I have plans for things to do today.
I mean, I had plans. So far I'm not doing them.
Lately I notice that when I run into a friend and they ask me how I'm doing, it depresses me more to stop and talk to them than to just mumble something about being busy, give the fake sucking-it-up smile, nod in a friendly way, and keep going wherever I'm going.
This doesn't mean I don't wish I had more friends or that I didn't get to talk to them more. But talking about how work is going, especially while I'm at work, seems to be de-motivating.
I'm really feeling a lot of "damned if I do and damned if I don't" lately. I'm doing a lot of things for show that I know are a waste of time, scientifically, because they're supposed to help me politically. But there's no guarantee that they will.
I was talking to a grad student this weekend who is depressed by the lack of guarantees. She said if things were more finite, if her advisor were capable of devising a project that had a practical chance of working and of helping her when she got stuck, she would be more likely to want to stay. But the lack of job prospects afterwards makes her think it's not worth it.
Amusingly, there is a seminar series here designed to raise awareness of 'alternative careers.' This sounds like a great idea in theory, but she said every single speaker seemed miserable in their job. The patent lawyers, the people from industry, the science journalists, all of them. So none of the alternative uses for a PhD makes it seem useful to finish getting a PhD.
So she wants to quit. She's already been here long enough that she should have a paper, if not at least a good start on one, and she has nothing. She's been frustrated for a long time, and things haven't been getting better.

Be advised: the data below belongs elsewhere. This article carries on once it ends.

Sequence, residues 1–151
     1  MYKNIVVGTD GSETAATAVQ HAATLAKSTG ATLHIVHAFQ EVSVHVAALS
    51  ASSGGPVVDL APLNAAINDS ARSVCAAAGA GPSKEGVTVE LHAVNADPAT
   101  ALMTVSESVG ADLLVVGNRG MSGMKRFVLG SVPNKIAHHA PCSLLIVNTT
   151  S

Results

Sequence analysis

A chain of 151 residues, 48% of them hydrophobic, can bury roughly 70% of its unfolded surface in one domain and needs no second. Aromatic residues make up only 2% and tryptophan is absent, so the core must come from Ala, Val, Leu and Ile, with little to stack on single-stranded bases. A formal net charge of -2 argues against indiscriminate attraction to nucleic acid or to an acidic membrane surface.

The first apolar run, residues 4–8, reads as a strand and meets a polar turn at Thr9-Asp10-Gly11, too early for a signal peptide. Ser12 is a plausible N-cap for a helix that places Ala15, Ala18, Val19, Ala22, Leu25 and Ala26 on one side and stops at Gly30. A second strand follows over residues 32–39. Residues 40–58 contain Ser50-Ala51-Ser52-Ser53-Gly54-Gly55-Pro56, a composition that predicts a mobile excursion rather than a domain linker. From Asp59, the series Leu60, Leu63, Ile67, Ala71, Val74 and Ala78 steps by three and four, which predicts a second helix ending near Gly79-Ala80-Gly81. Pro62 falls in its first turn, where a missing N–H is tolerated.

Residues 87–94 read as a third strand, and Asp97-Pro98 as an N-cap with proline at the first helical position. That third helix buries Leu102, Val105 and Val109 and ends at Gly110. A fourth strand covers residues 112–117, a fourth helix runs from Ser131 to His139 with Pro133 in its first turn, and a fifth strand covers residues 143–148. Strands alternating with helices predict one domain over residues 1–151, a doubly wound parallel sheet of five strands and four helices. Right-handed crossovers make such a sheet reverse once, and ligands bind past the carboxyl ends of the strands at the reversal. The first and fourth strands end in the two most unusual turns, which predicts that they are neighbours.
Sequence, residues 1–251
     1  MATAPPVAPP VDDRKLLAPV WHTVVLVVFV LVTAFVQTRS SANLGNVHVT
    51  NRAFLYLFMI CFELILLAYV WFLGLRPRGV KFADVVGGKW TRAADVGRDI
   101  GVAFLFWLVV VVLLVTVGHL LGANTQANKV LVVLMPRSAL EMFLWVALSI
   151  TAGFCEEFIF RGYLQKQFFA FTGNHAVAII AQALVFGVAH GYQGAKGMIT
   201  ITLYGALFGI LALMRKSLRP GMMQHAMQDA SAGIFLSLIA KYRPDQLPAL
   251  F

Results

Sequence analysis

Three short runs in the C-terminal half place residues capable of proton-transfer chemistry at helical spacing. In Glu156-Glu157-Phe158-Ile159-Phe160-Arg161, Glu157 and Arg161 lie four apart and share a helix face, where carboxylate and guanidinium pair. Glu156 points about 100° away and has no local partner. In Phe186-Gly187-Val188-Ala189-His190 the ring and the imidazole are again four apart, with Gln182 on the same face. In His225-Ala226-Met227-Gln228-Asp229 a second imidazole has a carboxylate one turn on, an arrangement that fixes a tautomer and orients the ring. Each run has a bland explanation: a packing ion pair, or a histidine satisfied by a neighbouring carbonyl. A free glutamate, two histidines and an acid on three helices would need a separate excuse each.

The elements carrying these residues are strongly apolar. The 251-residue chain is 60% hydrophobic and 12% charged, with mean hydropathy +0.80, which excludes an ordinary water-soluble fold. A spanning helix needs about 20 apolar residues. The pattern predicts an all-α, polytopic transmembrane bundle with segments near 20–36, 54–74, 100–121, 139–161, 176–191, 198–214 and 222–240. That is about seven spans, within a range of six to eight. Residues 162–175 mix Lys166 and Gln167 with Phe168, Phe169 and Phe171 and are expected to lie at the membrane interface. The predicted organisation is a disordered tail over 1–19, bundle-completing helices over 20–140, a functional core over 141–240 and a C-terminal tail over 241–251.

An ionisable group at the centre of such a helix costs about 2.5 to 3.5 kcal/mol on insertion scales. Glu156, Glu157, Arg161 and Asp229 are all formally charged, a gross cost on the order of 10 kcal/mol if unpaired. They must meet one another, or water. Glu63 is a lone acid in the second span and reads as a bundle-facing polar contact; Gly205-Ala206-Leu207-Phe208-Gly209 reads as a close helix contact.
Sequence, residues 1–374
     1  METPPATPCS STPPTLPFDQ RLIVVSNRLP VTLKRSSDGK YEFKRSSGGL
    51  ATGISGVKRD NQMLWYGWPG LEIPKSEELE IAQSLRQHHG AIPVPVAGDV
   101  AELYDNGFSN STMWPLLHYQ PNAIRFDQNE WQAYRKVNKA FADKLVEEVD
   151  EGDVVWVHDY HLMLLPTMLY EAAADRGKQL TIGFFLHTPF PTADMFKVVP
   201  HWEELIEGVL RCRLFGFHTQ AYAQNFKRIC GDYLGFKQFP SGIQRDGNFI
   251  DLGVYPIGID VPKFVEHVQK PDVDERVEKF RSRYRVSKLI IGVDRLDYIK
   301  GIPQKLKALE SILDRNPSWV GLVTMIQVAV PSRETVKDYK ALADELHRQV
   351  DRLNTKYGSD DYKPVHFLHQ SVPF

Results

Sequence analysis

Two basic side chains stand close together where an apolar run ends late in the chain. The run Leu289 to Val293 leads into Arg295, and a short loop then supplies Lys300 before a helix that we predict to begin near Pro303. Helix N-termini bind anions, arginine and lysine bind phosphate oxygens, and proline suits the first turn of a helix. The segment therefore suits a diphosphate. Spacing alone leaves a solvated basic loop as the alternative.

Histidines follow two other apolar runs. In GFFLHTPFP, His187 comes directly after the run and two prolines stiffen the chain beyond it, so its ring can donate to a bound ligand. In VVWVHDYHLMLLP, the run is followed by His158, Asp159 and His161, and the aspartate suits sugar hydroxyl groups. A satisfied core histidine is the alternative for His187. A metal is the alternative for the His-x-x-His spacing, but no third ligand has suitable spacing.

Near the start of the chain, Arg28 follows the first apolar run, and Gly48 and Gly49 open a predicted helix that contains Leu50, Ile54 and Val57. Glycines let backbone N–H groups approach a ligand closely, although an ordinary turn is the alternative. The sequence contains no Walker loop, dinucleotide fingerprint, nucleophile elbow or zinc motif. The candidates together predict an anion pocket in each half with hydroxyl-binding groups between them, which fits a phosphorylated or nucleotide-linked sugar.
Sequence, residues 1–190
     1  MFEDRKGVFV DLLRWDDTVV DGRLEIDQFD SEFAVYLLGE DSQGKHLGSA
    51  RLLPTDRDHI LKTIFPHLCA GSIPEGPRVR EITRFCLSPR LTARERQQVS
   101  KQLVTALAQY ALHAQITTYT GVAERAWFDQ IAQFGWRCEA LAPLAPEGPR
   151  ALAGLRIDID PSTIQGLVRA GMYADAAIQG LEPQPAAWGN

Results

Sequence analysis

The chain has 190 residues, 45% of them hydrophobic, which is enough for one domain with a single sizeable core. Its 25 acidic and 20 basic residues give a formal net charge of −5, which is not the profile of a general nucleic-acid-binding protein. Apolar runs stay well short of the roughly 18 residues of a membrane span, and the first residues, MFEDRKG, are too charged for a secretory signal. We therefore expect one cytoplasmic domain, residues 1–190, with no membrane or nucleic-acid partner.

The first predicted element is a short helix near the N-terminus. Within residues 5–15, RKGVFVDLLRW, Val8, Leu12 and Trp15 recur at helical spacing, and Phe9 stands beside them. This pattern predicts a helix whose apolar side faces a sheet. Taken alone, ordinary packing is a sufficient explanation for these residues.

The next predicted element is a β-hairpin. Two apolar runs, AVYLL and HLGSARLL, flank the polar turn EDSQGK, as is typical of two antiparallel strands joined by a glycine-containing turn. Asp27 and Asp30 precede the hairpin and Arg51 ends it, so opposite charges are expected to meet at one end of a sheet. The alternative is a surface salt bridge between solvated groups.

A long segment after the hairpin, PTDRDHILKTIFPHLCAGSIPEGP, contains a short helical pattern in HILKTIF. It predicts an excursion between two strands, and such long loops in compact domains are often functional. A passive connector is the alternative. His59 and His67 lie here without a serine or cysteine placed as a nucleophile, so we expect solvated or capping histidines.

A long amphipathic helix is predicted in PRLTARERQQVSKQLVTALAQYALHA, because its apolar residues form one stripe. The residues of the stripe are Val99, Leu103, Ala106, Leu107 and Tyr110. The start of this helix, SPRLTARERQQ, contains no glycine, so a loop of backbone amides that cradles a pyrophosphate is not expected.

Her advisor is one of those, you know the type.
Gradstudent: "My ___ isn't working."
MsPhD: "How are you doing it?"
Gradstudent:"I'm using the A-B."
MsPhD:"Why are you doing it that way? That will never work."
Gradstudent:"I know. It wasn't working using the X-Y, so I told my advisor, and he said I should use the A-B. But I know the A-B won't work, and I tried to tell him why, but he doesn't believe me. So now I have to do it just to show him it won't work."
MsPhD:"Well, here's my protocol. Do it this way, I promise it will work. Then it's up to you whether you want to tell your advisor what you ended up doing. You can still pretend you're doing it his way if you have to."
Gradstudent:"Thanks, yeah, I think I will."
Gradstudent:"Do it your way, but pretend I did it using his."
So at this point her options are to a) switch labs, b) suffer through, c) quit. Sad to say but she's so miserable, I told her that if she wants to quit now, she should quit.
I couldn't honestly tell her that it gets better. I told her that it doesn't, and that the reasons for it sucking won't change anytime soon.
The irony of all this is that one of the most important things to me is to be a role model, to boost up my female colleagues when they're down, and set a good example. However, as I've mentioned here before, on at least one occasion I was rebuked for being 'too honest' with some of the younger women about how hard it is and how you shouldn't do it if you're not sure you love research. It was a male professor who told me that I shouldn't discourage these poor girls, but I found out later that his behavior toward me is more discouraging toward the women around here than anything I've said about my frustrations.
As much as my failures depress me because I'm not meeting my goals and because much of it is out of my control, it's even more depressing to see these younger women quitting because they're watching what is happening to me. I'm a negative example without wanting to be. But I don't really see any alternatives.
All I can do is a) fight back (tried that, it doesn't work), b) quit, c) try to rise above it all.
Unfortunately both (b )and (c) end up being bad examples, and (a) is a trap that will end up getting me forced out of here.
Hmm. Happy thoughts for a Monday.
Time to go redo the experiments that didn't work over the weekend.
1. Place forehead against brick wall.